The landscaping industry has been relatively flat since 2007. Thus, many contractors have had a hard time growing sales. Others have simply been afraid to, according to industry analyst Tony Bass of Super Lawn Technologies.
1. Fear and uncertainty
“Many contractors, especially those doing over $2 million in annual sales, haven’t been eager to really push growth,” Bass says. “They’ve learned this issue about cash. When you plan for 20% growth in a single year, and you have a 10% net margin, you break even from a cash flow standpoint. That’s not fun, so contractors are being much more conservative, planning for 5% or maybe 10% growth.”
Uncertainty over the health care mandate has also put some companies on a more conservative footing. “If you get up to that 50-employee level, you could be looking at a substantial increase in your overhead,” Bass points out. “That’s something you need to be able to account for in your budgeting and pricing.”
Smaller contractors are also being more conservative. The primary issue is credit. Some are having a hard time obtaining it. But in most instances, the contractor is simply unwilling to finance a bunch of additional equipment. “Guys have been really afraid of taking on debt,” Bass says.
As challenging as the past few years have been, things are expected to start improving—and to a certain degree have already begun to. Contractors should start thinking about growth again, devising strategies to capitalize on emerging opportunities.
2. Demographic shift
The second big trend has nothing to do with the economy, the weather or the construction business. It has to do with a shift in population. Roughly a quarter of the population is now over the age of 55. That percentage will continue to grow over the next decade. According to Bass, this is creating a burgeoning market for lawn maintenance contractors.
“These older consumers are the most likely to buy repetitive home maintenance services,” Bass points out. “There are retirement communities growing all over the country. They will need to hire contractors. Additionally, retirees tend to cling to their homes as long as possible to maintain their self identity, but they’re going to need help with maintaining the grounds.”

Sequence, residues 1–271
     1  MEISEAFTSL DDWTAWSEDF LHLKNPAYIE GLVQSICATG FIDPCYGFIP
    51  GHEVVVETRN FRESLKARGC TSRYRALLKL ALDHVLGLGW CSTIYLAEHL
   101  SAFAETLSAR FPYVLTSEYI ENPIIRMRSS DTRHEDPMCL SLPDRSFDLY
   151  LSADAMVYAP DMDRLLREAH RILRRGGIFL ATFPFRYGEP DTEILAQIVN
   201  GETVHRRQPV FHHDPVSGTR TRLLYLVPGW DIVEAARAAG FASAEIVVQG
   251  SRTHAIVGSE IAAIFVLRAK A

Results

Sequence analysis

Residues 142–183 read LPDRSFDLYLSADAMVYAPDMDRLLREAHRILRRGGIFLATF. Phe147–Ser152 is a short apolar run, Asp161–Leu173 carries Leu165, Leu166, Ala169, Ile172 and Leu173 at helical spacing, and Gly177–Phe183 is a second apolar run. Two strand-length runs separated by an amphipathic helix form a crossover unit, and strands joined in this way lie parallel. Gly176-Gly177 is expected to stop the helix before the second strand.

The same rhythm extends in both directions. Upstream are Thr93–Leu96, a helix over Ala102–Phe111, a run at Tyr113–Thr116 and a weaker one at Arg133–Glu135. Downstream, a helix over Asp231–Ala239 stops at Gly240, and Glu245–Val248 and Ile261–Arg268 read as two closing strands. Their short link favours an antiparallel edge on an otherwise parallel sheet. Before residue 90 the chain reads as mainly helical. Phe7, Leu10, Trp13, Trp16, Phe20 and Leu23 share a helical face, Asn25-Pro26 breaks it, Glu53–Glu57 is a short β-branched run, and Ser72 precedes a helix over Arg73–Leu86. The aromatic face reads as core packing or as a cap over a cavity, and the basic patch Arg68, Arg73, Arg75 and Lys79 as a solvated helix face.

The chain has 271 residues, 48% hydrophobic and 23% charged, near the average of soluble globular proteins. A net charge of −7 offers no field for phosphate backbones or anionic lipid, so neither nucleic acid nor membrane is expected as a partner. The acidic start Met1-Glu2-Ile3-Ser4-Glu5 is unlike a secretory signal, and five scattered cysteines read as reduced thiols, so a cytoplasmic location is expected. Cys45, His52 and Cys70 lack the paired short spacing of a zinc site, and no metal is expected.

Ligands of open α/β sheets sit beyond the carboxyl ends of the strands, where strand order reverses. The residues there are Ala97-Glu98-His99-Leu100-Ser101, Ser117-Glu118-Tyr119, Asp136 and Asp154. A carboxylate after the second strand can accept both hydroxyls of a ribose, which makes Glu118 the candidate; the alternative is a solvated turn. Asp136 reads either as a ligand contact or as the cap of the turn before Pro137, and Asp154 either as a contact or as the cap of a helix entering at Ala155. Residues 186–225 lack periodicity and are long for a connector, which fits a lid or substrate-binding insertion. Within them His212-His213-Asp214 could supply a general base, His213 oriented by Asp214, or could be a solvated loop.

3. Now it’s about business
Back in the 1980s, ‘90s and even 2000s, new landscape companies were typically started by individuals with a passion for agronomy. That’s still true today, but not to the same degree.
“Larger and more organized companies are emerging at a much faster rate today,” Bass says. “This industry is reaching maturity in its policies and processes, which is evidenced by the number of franchises in existence today. So gone are the days where someone passionate about turfgrass goes out and starts a thriving landscaping business.
“Many of today’s start-ups are displaced executives. These guys understand planning, forecasting and procedures. They’re also aggressive when it comes to training, education, and acquiring the necessary tools to grow sales and profits.”
4. Embracing automation
One of those necessary tools is automation. Leading contractors are taking advantage of technologies like GPS, mobile time tracking software, customer relationship management software, 3D design software, social media, smartphones and iPads, and the list goes on.
“Contractors have come a long way with respect to technology, but still are not where they need to be,” Bass says. “Start thinking like someone who is trying to manufacture an automobile with robotics. I’m talking about repetitive processes that don’t require human interaction.”
For example, a free online tool at tungle.me simplifies the process of scheduling appointments and meetings with people both inside and outside of your organization. For example, let’s say you’re trying to set up a meeting with a client or potential client. Between the back and forth of emails, texts or voice mails, a lot of time can be wasted in trying to establish a meeting time. Furthermore, the likelihood of a miscommunication is fairly high. Tungle.me allows multiple parties to share calendars so they can quickly select an appropriate meeting time.